By Sally Nancarrow
In the fight against illegal drugs, information and education are seen as powerful weapons - and the police believe in arming the troops young.
Sgt Rob Smith and Matoulla Koratzitis with the dummy drugs
In Surrey, a "battle bus" has been touring schools to raise drugs awareness among students.
It is part of Surrey Police's Drugs Destroy Communities campaign, and some of the children who board the bus are not yet even teenagers.
At Ash Technology College in Ashford, 150 pupils aged 12 and 13 visited it.
They were a mix of boys and girls, shy and boisterous and streetwise and innocent.
Some, whom teacher Matoulla Koratzitis described as "just little girls", were clearly in awe of the uniformed officers on board.
But others displayed an awareness of a drug culture which had already touched their lives.
The children were shown what drugs look like - with sealed dummy examples of everything from heroin and crack cocaine to cannabis and magic mushrooms - and told about their effects.
The ice broken, some talked about their own experiences.
One boy said he had seen syringes in the park and knew they were discarded by heroin users.
He also knew it would be dangerous to touch them and volunteered that the best thing to do would be to tell an adult - perhaps the park keeper.
A girl said she had been offered cannabis but had said no.
Community Support Officer Mick Eaton said this type of response was quite usual.
"The lads tend to be more boastful than the girls but they both open up after a while," he said.
The tone adopted by former nightclub doorman Mr Eaton was serious but friendly and informal.
Getting the children to chat enabled him to deliver one of the most-often repeated messages of the afternoon - that they should tell someone such as a parent, a teacher, Crimestoppers or the police if they are offered drugs.
Officers Clair Coates and Paul Stevenson with the dummy drugs
One girl said she would be frightened to tell anyone because a dealer would know who "grassed" on him.
But Mr Eaton challenged her with: "How would he know it was you if he had been trying to sell drugs to lots of people?"
And he pointed out that she might be able to save someone else from being offered drugs if a dealer was reported.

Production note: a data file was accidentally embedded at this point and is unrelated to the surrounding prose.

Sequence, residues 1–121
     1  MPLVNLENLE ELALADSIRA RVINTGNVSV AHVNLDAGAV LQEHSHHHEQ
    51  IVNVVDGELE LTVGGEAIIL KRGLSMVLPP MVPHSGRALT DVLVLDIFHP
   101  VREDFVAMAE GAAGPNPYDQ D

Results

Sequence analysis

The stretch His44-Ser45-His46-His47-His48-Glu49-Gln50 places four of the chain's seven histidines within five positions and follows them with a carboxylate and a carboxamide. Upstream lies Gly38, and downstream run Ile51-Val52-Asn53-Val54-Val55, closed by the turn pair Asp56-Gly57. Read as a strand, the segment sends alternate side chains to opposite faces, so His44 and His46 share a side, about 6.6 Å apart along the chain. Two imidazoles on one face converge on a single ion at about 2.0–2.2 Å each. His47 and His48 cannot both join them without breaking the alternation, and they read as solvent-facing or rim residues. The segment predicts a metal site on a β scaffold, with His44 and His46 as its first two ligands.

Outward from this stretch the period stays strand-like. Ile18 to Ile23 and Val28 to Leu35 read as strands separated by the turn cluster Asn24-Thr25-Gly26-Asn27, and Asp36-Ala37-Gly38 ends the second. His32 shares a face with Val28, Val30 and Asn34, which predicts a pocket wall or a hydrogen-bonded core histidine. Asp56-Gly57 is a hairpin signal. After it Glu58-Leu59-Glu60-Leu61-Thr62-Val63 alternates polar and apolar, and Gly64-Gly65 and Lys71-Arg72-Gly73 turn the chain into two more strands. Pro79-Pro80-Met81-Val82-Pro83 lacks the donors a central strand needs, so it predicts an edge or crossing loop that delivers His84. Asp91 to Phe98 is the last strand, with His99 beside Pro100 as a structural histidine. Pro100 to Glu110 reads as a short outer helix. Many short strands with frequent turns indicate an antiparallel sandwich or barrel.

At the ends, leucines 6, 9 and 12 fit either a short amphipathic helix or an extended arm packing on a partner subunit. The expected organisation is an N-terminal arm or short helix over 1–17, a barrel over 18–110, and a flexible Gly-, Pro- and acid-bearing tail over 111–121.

Getting 150 children onto the bus in one afternoon meant each group visited for only a few minutes, which Mr Eaton said "felt a bit rushed".
But Ms Koratzitis said the school felt the message that drugs destroy lives was so valuable it wanted as many pupils as possible to be involved.
"I teach citizenship and I know that they are very aware of what is going on around them," she said.
"They don't want to get involved in drugs and are very critical if they know someone who is.
"If you can stop one young person going astray it is worth it."
Having taught at the school for 16 years, she did not feel it had a particular problem with drugs, though children in the area were streetwise.
If anything, alcohol was more of a problem because it was so easily available and because "children have too much money in their pockets".
Not that they need a lot.
Sgt Rob Smith said the first drug a young person was likely to come into contact with was cannabis, which was available for as little as £5 or £10 - "it's very, very cheap".
He said dealers were "conniving, evil people" but it was far too risky for them to operate anywhere near schools.
"They are more likely to use a carrier - who might be an older brother or someone who left school a little while ago."
That is why educating young people is seen as so vital.
"If they know what drugs look like, if they know what the harmful effects are, if they know they are illegal, they can then make their own decision if they are offered drugs rather than rely on what their friends tell them," said Mr Smith.